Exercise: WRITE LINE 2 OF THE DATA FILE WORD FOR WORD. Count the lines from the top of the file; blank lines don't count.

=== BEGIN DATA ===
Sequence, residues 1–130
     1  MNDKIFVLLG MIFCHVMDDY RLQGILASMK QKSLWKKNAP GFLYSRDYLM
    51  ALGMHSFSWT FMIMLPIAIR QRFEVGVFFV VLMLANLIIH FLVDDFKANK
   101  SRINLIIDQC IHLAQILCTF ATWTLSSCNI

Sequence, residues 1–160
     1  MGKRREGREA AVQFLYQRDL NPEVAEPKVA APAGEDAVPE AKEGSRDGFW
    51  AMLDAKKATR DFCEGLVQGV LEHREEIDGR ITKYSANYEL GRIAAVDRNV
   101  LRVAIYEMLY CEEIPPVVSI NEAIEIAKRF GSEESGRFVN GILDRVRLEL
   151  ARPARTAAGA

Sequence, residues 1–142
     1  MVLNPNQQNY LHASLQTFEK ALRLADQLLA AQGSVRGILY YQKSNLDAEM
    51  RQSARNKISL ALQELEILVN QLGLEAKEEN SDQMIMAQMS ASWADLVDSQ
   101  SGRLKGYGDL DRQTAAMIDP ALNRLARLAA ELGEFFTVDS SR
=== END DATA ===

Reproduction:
     1  MNDKIFVLLG MIFCHVMDDY RLQGILASMK QKSLWKKNAP GFLYSRDYLM